That ability to make all the disparate elements gel together is a speciality of Bong’s, and it results in Parasite feeling both enjoyably familiar yet excitingly new. It’s fitting that a piece by George Frideric Handel would appear on the soundtrack, as Bong’s work is comparable to that composer’s — a blend of both audacious complexity and crowd-pleasing simplicity. Part of that effect is due to Bong’s handling of ensemble narratives, as his films are generally not showcases for leading roles but instead have moments for every character to shine. Parasite certainly does this from a performance point of view, giving just about every character a distinctive personality that can be even (and especially) seen through the Kims’ con artist shenanigans, as well as allowing the characters to blend together with each family’s respective unit. That aspect is key, as it becomes clear that Bong is not making a polemic. It would’ve been easy (and, hell, cathartic) to make Parasite into an “eat the rich” parable, yet the Parks are not solely portrayed as villains, and neither are the Kims. This, too, is a common thread within the filmmaker’s work, as Snowpiercer gleefully muddies the moral waters of its tale just as Okja tells a story that advocates for animals while taking activists to task. In that way, it may sound like Parasite is treading familiar ground for the director, but the stripping away of any and all science-fiction and fantasy elements makes the film’s messages that much more immediate and unsettlingly daring. Parasite constantly throws the audience off balance, being totally hilarious at one moment, cringingly uncomfortable the next and eventually brutally violent. Again, these tonal and narrative turns all feel of a piece, surprising without cheap tricks or forced shock value.
Parasite is a film that everyone — including this writer — will tell you to go into as cold as you can, but that’s not for reasons of gimmicky twists or reveals. The movie isn’t at all one where relevant information is held back or obscured from the audience, or where point of view or interpretation is manipulated. Rather, it’s one of the rare movies that has the audacity and bravery to follow its concepts to their emotional and philosophical ends, making it thrillingly unpredictable. As Ki-woo says multiple times, “it’s so metaphorical” — the line is Bong and Han’s way of breaking the fourth wall a bit, letting everyone know that while this is a grounded story, it’s certainly not stark realism. Like its title, Parasite is a metaphor with multiple layers of meaning, just as the film’s characters and situations are multi-layered: the Kims are genuinely skilled yet do reprehensible things, while the Parks are useless, elitist and cruelly aloof, yet hold onto their own moral values. Each has use for the other and — in a better world — perhaps could find some kind of symbiotic harmony. But the cruel lie of capitalism is always there, telling those who have wealth to safeguard it always, and those who don’t to keep dreaming, that their time is just around the corner with enough opportunity and hard work. That dream is the ultimate parasite, using you up, not realizing it’s taking more than it’s giving to you until it’s too late.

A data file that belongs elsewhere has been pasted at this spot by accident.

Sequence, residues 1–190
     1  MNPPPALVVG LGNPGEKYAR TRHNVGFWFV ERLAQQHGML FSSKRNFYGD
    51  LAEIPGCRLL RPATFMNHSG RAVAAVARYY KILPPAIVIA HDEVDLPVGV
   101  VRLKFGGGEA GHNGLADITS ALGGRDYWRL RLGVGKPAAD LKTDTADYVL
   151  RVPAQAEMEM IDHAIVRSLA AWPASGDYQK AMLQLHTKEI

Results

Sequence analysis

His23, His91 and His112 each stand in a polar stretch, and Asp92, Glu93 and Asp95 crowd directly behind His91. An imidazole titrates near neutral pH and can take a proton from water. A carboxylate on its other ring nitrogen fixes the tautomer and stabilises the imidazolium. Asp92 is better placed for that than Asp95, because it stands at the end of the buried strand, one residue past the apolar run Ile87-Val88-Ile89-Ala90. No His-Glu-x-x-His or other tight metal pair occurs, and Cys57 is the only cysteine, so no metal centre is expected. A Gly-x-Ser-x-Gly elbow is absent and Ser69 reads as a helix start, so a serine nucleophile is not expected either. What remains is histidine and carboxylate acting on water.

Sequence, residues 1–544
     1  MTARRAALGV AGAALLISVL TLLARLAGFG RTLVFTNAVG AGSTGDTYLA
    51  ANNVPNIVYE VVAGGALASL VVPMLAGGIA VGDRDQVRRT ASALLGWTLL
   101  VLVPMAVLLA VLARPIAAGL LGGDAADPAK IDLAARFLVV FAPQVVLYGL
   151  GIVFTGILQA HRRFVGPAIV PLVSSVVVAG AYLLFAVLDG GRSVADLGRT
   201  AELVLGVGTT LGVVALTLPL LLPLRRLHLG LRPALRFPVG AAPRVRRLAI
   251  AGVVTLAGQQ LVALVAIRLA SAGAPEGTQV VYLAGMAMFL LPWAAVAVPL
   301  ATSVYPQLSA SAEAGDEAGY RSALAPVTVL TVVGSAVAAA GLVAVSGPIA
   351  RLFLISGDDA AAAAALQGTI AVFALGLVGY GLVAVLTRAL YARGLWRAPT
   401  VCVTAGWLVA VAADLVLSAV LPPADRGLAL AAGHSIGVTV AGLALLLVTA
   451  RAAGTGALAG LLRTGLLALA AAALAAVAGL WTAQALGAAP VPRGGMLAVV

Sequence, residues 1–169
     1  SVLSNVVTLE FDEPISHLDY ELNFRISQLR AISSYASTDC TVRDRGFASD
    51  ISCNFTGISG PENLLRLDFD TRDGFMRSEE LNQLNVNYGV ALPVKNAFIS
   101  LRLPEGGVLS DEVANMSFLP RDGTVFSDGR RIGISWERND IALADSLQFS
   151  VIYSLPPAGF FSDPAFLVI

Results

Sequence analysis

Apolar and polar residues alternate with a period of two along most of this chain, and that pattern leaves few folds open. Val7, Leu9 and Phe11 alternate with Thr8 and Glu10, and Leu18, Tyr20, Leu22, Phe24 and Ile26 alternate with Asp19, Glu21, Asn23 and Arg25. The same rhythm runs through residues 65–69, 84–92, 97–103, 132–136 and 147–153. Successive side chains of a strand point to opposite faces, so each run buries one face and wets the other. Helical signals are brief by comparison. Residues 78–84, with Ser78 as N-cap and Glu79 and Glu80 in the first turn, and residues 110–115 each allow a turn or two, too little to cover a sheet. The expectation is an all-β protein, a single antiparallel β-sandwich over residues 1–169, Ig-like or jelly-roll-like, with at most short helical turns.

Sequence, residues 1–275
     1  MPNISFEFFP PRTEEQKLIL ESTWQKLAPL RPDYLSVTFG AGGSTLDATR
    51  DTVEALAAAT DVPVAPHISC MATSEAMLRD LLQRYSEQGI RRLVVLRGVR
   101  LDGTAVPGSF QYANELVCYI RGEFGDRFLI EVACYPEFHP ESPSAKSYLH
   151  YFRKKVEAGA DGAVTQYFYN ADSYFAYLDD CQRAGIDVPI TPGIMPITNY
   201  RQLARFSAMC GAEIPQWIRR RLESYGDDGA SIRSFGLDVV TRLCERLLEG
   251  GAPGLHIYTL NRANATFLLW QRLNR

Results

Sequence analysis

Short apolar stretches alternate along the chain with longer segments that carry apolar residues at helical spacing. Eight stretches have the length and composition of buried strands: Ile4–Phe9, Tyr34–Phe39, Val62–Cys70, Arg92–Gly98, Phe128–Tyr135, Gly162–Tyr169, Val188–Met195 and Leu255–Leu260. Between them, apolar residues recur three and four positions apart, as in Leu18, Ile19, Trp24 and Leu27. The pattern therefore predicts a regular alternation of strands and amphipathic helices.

Bill Bria (@billbria) is a writer, actor, songwriter and comedian. ‘Sam & Bill Are Huge,’ his 2017 comedy music album with partner Sam Haft, reached #1 on an Amazon Best Sellers list, and the duo maintains an active YouTube channel and plays regularly all across the country. Bill‘s acting credits include an episode of HBO’s ‘Boardwalk Empire’ and a featured parts in Netflix’s ‘Unbreakable Kimmy Schmidt’ and CBS’ ‘Instinct.’ His film writing can also be seen at Crooked Marquee as well as his own website. Bill lives in New York City.